video: Minor Planet discoveries

Recommended: a time-lapse video of minor planets (asteroids) as they are discovered over the past 30 years or so. This new one is updated to mid-2011.

Watch it in the highest resolution your PC will allow. Now, here’s the link!: Turn off the music if you don’t care for it. This video compresses 30 years into about 3 minutes; it might be easier to follow details of the 7-minute version:

Notice 3 things as you watch:

  • Discoveries (flashing in white) follow the earth around its orbit. You can’t discover distant rocks in broad daylight!
  • There are more discoveries in northern winter (top of screen) than in northern summer (bottom of screen).
  • Discoveries tend to “pulse” 12-13 times per year, especially in later years when we’re looking for fainter and fainter objects. You can only see them on nights near the new moon.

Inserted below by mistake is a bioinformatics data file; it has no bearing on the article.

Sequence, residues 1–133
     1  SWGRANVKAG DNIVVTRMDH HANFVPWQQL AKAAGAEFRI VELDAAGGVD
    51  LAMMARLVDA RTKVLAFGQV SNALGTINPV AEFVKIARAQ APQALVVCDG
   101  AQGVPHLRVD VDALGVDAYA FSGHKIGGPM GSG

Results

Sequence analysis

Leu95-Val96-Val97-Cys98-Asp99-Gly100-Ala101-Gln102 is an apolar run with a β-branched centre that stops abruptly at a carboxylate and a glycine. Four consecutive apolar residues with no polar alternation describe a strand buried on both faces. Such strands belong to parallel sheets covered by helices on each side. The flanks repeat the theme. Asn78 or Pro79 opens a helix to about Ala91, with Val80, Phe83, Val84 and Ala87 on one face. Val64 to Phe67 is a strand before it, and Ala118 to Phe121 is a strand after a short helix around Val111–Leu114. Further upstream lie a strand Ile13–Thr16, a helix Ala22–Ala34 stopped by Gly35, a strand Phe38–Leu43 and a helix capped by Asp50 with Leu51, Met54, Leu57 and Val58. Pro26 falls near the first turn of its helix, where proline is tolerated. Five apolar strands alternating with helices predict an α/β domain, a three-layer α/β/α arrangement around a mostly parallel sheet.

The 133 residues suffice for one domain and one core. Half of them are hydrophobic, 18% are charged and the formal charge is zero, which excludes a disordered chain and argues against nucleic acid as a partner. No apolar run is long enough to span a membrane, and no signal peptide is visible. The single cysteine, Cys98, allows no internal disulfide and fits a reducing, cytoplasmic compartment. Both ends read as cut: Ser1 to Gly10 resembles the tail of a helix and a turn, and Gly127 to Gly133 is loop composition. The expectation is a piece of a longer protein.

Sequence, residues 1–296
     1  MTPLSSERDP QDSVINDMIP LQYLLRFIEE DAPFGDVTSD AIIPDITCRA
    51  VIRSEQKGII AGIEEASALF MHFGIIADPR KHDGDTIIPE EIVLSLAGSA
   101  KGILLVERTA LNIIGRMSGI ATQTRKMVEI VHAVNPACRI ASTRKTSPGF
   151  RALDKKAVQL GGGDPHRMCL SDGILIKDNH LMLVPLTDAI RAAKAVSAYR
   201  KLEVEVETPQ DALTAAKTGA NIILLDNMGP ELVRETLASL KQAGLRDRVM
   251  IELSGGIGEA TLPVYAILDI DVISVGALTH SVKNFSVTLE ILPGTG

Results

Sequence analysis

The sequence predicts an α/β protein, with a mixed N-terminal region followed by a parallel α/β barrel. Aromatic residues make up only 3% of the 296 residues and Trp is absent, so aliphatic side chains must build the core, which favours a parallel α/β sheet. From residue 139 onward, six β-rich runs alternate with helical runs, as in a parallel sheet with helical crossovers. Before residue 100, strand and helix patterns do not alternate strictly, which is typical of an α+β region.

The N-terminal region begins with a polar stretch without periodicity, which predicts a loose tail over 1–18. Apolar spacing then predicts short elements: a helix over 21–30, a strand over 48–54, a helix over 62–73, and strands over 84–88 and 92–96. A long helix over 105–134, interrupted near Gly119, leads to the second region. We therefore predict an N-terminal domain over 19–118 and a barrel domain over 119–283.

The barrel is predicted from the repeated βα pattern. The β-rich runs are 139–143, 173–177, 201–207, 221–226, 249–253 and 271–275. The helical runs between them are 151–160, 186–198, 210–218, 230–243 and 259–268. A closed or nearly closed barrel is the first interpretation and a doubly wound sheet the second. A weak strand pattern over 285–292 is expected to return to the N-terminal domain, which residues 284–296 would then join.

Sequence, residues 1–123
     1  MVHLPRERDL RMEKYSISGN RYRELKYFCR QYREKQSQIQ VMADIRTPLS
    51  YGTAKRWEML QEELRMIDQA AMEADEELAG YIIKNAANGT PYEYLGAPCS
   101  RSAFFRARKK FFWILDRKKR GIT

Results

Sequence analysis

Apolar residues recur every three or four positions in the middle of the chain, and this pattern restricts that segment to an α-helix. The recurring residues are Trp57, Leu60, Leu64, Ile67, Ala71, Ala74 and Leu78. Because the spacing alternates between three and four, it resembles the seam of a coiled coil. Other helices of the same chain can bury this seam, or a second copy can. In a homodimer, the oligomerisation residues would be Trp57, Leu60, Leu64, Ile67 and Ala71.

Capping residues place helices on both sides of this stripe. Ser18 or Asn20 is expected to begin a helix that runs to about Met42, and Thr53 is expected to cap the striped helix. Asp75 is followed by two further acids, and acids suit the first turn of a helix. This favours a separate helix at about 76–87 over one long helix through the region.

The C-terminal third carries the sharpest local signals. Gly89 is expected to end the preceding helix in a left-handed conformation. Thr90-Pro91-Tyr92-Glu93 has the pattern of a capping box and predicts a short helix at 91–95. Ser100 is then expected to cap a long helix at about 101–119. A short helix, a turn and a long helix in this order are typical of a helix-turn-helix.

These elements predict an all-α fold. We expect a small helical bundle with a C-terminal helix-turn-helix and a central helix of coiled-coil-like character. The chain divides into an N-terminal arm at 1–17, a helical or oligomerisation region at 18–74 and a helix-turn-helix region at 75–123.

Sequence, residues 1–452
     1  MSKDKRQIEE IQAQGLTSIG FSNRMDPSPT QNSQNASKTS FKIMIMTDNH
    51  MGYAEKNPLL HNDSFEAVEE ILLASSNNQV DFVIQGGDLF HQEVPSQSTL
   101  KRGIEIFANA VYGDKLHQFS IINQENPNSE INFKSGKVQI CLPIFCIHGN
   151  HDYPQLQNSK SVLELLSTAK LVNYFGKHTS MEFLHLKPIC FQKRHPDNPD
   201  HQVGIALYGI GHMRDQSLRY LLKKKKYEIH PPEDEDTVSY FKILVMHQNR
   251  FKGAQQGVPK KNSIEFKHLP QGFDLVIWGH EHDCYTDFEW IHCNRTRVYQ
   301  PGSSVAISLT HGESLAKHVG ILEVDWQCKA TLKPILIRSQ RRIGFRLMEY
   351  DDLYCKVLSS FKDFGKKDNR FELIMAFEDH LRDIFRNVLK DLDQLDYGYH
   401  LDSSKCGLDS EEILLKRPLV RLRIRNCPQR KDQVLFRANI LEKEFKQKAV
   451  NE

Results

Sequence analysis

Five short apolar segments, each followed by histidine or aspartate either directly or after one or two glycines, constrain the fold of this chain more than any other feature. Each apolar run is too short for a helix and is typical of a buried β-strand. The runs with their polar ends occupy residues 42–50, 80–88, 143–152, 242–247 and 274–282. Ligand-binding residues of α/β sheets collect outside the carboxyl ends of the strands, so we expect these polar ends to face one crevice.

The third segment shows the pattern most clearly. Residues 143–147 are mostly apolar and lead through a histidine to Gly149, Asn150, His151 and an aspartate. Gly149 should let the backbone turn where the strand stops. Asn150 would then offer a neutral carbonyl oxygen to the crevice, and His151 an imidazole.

video: Our Place in the Cosmos

Highly recommended: a recent presentation given on the Google campus by Prof. Raja GuhaThakurta of UC Santa Cruz.

It runs an hour and a quarter, but it’s so packed with interesting ideas, pictures, and simulation videos of galaxy collisions, etc that you don’t notice the time. Give up that Seinfeld rerun and give it a try. Google Tech Talk videos like this one are offered in several resolutions to match your PC and web connection speed–use 720 HighDef if you can. Just make sure you view it full-screen.

Here’s the link!: Our Place in the Cosmos